Andy Warhol, Susan Sontag, John Lennon & Yoko Ono — Jonas Mekas was well acquainted with a great many New York artists. Born in Lithuania, he came to Brooklyn via Germany in 1949 and began shooting his first experimental films there. Mekas developed a form of film diary in which he recorded his daily observations. [expand title="more"] He became the barometer of the New York art scene and a pioneer of American avant-garde cinema. Every week, starting in 1958 he published his legendary »Movie Journal« column in the Village Voice, writing on a range of subjects that were by no means restricted to the world of film. He conducted numerous interviews with artists, some of which will now appear for the first time in his Scrapbook of a Sixties. The book contains published and unpublished texts that reveal Mekas as a thoughtful diarist and an unparalleled chronicler of the day — a phenomenon that has continued now for over fifty years. [/expand]

Regarding the Pain of Others is Susan Sontag's searing analysis of our numbed response to images of horror. From Goya's Disasters of War to news footage and photographs of the conflicts in Vietnam, Rwanda and Bosnia, [expand title="more"]pictures have been charged with inspiring dissent, fostering violence or instilling apathy in us, the viewer. Regarding the Pain of Others will alter our thinking not only about the uses and meanings of images, but about the nature of war, the limits of sympathy, and the obligations of conscience.[/expand]

Susan Sontag's On Photography is a seminal and groundbreaking work on the subject.[expand title="more"]Susan Sontag's groundbreaking critique of photography asks forceful questions about the moral and aesthetic issues surrounding this art form. Photographs are everywhere, and the 'insatiability of the photographing eye' has profoundly altered our relationship with the world. Photographs have the power to shock, idealize or seduce, they create a sense of nostalgia and act as a memorial, and they can be used as evidence against us or to identify us. In these six incisive essays, Sontag examines the ways in which we use these omnipresent images to manufacture a sense of reality and authority in our lives.[/expand]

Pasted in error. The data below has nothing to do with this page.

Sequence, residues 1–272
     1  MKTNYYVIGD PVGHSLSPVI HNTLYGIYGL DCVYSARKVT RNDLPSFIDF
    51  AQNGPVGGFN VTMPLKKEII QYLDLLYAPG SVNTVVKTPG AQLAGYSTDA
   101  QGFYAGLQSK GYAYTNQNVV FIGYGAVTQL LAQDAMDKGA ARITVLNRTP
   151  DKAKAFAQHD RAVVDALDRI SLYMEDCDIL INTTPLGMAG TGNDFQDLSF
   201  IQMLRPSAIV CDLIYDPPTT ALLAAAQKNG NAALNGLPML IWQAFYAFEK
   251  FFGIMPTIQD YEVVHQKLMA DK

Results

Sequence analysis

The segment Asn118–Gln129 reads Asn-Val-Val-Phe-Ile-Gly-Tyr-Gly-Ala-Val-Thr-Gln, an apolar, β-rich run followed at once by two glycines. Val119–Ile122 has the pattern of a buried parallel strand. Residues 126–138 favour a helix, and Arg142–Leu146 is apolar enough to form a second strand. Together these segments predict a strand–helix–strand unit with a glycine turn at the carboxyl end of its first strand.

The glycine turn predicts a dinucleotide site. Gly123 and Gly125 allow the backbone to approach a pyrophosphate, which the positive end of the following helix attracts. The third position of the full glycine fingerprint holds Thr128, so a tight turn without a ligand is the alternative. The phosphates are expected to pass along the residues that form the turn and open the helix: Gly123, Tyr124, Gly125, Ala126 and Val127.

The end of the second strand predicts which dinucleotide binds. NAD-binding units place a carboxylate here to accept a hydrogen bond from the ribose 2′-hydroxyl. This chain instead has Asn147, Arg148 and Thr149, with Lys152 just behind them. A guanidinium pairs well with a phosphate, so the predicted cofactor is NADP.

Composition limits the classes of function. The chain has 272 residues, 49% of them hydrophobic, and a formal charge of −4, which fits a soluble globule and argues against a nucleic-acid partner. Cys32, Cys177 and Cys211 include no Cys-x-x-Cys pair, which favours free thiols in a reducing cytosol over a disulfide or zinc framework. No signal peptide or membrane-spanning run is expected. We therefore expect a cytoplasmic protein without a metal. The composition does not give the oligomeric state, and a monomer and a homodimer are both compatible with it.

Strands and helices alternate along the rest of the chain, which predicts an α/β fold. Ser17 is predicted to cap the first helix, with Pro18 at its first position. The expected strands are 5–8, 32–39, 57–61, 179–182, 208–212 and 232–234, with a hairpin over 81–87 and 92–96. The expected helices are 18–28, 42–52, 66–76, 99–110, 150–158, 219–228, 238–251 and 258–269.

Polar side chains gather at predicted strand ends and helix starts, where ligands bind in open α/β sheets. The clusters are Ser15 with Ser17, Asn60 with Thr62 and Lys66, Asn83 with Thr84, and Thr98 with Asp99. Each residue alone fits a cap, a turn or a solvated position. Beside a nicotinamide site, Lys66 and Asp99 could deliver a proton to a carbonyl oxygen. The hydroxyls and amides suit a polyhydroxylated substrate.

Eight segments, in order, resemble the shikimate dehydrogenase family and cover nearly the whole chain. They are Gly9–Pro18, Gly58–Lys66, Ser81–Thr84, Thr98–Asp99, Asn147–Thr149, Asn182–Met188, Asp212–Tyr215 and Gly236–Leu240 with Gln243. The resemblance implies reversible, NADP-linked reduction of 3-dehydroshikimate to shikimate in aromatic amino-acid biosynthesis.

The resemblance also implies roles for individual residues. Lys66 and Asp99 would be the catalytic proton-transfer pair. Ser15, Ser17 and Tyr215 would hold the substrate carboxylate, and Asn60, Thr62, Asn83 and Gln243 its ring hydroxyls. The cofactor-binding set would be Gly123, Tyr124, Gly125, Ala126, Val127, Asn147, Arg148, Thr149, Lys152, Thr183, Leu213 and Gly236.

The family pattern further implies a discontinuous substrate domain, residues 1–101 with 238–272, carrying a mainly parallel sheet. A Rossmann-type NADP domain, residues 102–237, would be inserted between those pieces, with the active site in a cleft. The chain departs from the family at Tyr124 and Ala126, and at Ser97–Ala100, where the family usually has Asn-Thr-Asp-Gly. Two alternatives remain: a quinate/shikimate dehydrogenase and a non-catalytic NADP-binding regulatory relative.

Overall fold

'Ethics' edited by Walead Beshty is part of the acclaimed 'Documents of Contemporary Art' series of anthologies. The boundary of a contemporary art object or project is no longer thought of solely in physical terms but rather in relation to the specific social field it creates. Art is thus increasingly implicated in questions of ethics. [expand title="more"]This collection evaluates the relation of ethics to aesthetics, an encounter central to the contested space of much recent practice. It brings together theoretical foundations for an ethics of aesthetics; appraisals of art that engages with ethical issues; statements and examples of methodologies adopted by a diverse range of artists; and examination of artworks that question the ethical conditions in which contemporary art is produced and experienced. Artists surveyed include Michael Asher, Tania Bruguera, Christoph Büchel, Merlin Carpenter, Paul Chan, Lygia Clark, Dexter Sinister, Fischli & Weiss, Andrea Fraser, Liam Gillick, David Hammons, Sharon Hayes, Thomas Hirschhorn, Khaled Hourani, Martin Kippenberger, Sharon Lockhart, Renzo Martens, Hélio Oiticica, Seth Price, Walid Raad, Martha Rosler, Tino Sehgal, Santiago Sierra, Wolfgang Tillmans and Rirkrit Tiravanija. Writers include Giorgio Agamben, Ariella Azoulay, Alain Badiou, Roland Barthes, Claire Bishop, Nicolas Bourriaud, Simon Critchley, Keller Easterling, Isabelle Graw, Jean-François Lyotard, Scorched Earth, Susan Sontag, Hito Steyerl, Triple Candie, Jan Verwoert and Eyal Weizman.[/expand] read Review